The artist talk is a peculiar form of presentation, a sincere attempt to communicate something beyond the work of art. For most artists, the artwork itself is the language. Artists choose visual mediums because they most clearly convey a maker’s ideas. But, of course, we love to hear artists speak about their work, and for many artists, it is an honor when viewers seek to know more.
The talks below feature artists who sincerely produce work intended to stimulate change. New paradigms are born from viewing outmoded systems in fresh ways. In order to create an upgraded world, we begin by embodying it. These artists are inviting us into their invented worlds: universes where hair braiding is valued as high art, and the significance of human life is not based on socially constructed delineations such as gender and race. When we encounter these works, we have no option but to transform our thoughts, not only about subjects, objects, and people we may encounter each day but also about ourselves, the world around us, and creative output in general.
Some of us try not to be, try real hard to be, are embarrassed or ashamed to be, try to bleach it or lye about it; it will not leave willingly; it will haunt you in the rhythm of the subway train running across the track—black black black.
We know the answer, we invented the question, you are afraid to ask, we keep it too real, tell it like it is, real talk. Nikki tried to tell you [Giovanni, not Minaj] even our errors are correct; we birthed you, ungrateful offspring, and yeah we saw this coming and stay letting you (electric) slide.
We are your fetish, your magic charm; you save bits of us for later—that you may one day raise the roof or get down with your bad self but, alas, you will never catch up, you are perpetually played out.
We are shape shifters. You want to pin us down; you want to understand; you won’t. No matter how much of us you consume, we regenerate like Bébé’s Kids; we multiply and, damn, how we stay so fly?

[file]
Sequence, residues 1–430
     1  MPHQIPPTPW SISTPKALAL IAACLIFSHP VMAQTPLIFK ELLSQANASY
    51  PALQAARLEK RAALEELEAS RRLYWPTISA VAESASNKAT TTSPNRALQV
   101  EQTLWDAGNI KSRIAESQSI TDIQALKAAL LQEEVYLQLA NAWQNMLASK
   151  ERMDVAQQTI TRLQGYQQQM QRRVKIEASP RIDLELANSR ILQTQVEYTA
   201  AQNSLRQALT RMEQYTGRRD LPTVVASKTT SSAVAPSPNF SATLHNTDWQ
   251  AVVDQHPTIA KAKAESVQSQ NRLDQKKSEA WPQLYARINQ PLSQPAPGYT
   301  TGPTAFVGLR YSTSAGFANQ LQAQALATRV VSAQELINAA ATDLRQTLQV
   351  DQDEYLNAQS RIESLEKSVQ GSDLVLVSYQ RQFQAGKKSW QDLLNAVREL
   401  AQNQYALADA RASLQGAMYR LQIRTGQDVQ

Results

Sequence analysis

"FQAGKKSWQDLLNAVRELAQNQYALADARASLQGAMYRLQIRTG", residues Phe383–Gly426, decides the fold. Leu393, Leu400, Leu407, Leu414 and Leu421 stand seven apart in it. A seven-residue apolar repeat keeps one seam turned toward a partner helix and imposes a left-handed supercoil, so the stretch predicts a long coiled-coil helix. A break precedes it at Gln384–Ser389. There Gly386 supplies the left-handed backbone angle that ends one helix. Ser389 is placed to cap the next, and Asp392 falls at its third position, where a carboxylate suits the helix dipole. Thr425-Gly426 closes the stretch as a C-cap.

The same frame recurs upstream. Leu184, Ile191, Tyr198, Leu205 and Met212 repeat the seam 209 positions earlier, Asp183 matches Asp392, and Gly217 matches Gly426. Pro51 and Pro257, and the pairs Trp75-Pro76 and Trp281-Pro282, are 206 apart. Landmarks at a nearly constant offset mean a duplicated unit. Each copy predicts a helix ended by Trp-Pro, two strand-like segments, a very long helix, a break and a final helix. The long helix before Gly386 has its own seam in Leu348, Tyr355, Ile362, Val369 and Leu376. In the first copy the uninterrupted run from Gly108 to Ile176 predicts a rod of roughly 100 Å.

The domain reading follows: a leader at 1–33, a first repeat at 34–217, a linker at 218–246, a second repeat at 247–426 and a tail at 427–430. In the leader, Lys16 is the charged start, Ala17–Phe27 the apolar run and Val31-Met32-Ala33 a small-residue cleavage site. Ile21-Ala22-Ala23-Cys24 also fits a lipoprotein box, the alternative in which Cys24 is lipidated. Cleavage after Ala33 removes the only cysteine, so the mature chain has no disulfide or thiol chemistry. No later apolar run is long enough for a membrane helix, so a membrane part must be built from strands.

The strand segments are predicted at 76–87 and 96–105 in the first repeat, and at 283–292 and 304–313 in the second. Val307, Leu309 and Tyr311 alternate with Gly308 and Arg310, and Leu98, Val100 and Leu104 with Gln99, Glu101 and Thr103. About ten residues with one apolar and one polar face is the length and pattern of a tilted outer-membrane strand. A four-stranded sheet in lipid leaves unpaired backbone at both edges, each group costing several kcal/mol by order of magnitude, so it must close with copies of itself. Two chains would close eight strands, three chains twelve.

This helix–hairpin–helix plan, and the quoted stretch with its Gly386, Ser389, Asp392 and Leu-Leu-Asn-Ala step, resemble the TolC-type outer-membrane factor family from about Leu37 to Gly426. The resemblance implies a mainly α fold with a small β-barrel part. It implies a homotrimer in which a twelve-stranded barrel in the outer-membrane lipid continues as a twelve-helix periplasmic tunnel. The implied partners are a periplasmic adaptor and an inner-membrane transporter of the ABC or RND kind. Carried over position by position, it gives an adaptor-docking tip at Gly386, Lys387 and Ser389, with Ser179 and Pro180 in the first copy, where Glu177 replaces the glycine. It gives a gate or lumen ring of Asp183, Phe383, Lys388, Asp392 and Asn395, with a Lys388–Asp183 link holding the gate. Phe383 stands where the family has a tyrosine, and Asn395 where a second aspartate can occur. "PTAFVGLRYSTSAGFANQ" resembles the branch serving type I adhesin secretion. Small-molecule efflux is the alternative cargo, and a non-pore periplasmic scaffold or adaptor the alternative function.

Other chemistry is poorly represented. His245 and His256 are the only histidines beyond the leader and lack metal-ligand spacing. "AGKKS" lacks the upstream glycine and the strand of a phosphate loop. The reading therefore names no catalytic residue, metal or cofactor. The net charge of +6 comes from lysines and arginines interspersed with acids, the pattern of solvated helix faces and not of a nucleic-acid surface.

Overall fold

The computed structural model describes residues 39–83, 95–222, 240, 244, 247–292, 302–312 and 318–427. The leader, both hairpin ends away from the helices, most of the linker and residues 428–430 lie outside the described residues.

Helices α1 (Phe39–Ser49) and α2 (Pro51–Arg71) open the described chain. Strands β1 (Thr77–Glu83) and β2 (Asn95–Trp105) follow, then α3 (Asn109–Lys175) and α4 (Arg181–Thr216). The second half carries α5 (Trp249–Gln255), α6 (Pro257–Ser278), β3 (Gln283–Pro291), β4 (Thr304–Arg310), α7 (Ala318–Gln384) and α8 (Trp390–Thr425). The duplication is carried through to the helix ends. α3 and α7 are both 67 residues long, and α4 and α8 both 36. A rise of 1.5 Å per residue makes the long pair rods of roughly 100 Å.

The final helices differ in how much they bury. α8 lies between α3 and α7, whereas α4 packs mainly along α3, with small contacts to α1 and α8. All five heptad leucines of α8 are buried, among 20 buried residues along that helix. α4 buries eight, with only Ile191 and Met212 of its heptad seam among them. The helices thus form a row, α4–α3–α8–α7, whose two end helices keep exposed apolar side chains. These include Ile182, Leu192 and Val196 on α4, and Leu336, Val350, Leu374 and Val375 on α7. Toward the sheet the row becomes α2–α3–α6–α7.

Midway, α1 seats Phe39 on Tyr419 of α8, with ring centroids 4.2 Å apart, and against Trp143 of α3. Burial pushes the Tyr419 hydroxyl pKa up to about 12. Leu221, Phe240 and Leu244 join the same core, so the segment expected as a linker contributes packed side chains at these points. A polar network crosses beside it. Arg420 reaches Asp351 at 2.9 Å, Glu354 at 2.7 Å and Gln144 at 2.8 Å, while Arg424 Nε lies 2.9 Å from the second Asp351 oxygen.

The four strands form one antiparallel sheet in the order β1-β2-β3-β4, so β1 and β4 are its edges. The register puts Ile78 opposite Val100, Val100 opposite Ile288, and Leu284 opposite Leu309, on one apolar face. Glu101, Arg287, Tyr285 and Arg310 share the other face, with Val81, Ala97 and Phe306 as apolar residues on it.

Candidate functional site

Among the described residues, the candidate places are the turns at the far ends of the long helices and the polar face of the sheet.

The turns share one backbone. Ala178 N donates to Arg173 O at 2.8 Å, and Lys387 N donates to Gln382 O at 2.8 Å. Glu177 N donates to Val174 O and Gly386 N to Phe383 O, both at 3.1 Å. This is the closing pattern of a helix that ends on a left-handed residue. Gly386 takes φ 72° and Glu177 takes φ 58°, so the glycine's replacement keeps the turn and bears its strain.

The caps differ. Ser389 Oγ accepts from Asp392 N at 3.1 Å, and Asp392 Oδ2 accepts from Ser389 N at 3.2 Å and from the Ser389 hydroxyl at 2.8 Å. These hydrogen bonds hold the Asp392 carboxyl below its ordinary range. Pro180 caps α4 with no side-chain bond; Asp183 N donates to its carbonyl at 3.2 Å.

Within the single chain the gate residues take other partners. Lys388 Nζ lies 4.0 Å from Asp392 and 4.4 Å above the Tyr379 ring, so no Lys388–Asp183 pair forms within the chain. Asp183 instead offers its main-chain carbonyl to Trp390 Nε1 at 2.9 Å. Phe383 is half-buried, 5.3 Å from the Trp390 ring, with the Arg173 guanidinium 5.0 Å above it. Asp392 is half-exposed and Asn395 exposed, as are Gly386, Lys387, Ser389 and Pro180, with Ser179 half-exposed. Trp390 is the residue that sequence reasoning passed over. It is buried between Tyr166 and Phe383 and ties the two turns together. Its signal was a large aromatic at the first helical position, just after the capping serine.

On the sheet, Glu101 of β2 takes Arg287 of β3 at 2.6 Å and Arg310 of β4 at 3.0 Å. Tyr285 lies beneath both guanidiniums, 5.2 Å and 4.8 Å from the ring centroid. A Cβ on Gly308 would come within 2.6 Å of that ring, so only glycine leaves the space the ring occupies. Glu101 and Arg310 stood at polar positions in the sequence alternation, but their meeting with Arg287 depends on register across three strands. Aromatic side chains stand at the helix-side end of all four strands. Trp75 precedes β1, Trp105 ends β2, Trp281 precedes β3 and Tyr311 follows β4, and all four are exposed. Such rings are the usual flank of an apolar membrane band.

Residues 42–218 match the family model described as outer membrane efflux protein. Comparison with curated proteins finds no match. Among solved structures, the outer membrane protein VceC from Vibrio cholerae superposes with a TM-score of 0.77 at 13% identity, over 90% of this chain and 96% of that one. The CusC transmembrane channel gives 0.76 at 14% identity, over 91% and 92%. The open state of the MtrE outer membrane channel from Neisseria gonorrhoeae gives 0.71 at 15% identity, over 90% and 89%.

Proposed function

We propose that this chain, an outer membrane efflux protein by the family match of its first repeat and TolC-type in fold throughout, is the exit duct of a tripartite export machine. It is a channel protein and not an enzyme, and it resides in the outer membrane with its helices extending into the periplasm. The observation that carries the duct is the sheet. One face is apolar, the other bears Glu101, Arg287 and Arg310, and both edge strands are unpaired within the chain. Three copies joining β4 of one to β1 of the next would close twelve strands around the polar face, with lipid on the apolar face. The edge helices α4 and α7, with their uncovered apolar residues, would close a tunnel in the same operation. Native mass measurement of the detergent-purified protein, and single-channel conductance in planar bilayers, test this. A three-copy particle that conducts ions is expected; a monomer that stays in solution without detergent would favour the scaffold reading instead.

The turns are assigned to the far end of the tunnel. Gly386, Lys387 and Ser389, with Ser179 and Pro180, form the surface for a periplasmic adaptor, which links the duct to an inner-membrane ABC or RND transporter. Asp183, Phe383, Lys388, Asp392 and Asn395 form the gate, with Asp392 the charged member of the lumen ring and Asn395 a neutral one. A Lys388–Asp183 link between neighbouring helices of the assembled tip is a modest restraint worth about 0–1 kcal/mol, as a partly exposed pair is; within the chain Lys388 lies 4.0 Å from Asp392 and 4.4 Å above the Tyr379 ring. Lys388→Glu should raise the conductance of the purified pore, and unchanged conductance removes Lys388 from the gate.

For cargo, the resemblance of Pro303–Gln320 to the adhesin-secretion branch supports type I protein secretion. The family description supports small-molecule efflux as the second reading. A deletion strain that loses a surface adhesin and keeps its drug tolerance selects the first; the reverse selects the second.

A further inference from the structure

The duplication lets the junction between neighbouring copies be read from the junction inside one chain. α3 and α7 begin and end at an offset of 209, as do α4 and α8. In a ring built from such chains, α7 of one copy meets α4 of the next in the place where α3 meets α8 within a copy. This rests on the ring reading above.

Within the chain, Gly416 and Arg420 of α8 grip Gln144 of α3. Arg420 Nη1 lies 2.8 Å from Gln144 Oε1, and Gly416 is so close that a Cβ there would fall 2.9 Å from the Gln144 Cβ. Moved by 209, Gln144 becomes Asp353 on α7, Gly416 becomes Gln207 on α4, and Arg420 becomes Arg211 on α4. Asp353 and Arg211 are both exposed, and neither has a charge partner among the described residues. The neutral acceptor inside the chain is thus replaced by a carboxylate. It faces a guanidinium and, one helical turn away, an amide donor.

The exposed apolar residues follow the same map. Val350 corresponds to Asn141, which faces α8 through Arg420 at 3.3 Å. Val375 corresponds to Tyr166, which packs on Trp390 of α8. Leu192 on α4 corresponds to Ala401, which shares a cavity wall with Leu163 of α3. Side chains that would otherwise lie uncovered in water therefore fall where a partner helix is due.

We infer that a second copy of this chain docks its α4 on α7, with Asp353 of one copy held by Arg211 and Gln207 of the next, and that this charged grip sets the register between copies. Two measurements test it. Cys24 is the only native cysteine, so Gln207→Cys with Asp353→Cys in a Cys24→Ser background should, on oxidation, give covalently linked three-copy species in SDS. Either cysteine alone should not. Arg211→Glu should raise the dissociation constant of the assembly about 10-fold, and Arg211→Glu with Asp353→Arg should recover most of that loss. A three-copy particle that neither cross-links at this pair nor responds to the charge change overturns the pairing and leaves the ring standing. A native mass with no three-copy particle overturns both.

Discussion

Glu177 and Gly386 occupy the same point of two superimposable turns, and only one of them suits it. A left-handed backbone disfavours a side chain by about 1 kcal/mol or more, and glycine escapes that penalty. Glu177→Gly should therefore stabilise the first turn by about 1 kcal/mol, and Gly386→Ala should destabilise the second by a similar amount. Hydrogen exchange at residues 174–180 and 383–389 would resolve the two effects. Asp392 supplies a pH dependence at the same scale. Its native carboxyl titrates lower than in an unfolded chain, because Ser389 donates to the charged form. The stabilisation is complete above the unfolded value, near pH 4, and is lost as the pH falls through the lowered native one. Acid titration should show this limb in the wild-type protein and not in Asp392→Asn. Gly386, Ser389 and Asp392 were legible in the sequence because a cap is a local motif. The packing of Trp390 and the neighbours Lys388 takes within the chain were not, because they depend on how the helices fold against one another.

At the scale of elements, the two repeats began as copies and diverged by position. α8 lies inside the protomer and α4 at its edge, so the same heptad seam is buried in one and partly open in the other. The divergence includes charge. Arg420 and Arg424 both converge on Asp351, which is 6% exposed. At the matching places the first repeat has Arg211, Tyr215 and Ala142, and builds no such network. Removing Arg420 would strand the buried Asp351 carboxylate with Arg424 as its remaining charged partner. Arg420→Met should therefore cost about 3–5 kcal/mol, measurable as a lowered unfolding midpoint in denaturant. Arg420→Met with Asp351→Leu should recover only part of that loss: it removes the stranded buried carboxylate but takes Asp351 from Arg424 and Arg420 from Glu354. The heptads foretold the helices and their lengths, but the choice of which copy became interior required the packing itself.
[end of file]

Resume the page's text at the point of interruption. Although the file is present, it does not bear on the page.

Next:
Oh, how you long to touch it, fascinated by its resilience, its strength, its ability to withstand, its ability to stand tall, it is calling you by name, luring you in, it says no but means yes; you can’t help yourself, but you do anyway, always.
Shhhhhh, don’t let them see it; hide it behind them grins and lies: I’m fine, you’re fine, we’re fine, how was your weekend; don’t tell them about that time you cried Friday night ’til Monday morning or ate ’til you couldn’t move or didn’t have an appetite for three months and then your butt started to shrink so you made yourself start eating again; never tell, always smile.
We are the truth; we are the stories; we are the tellers; we are the makers; we are constantly consistently reclaiming our autonomy; you no longer own us though you may still profit from our ideas, our beauty, our genius, our truth is that we are limitless, and that is why we have always been so willing to share; sure, come live on this island; sure, we will take these shells; this land has no owner, no beginning, no middle, no end. Just truth.
#postracial or #postBlack
But we have a Black president; doesn’t that count for something? Doesn’t that mean racism is dead? Doesn’t that mean that all of these Black people being murdered, beaten, harassed, brought it upon themselves? I mean, what were they thinking—running, or talking back, or selling bootleg cigarettes, or buying Skittles wearing a hoodie, or going to an integrated pool party?
Remember that time they tried to erase us, banned our drumming, banned our Mamas like Oshun and Yemaya, banned our languages, banned our literacy; but, oh shit, look at us now, still here, still beating, still reading, still breathing, still mattering; can’t stop, won’t stop; ten thousand years from now, we’ll still be on top; Ntokaze been gave us our Black girl song; maybe now we can work on our happily ever after.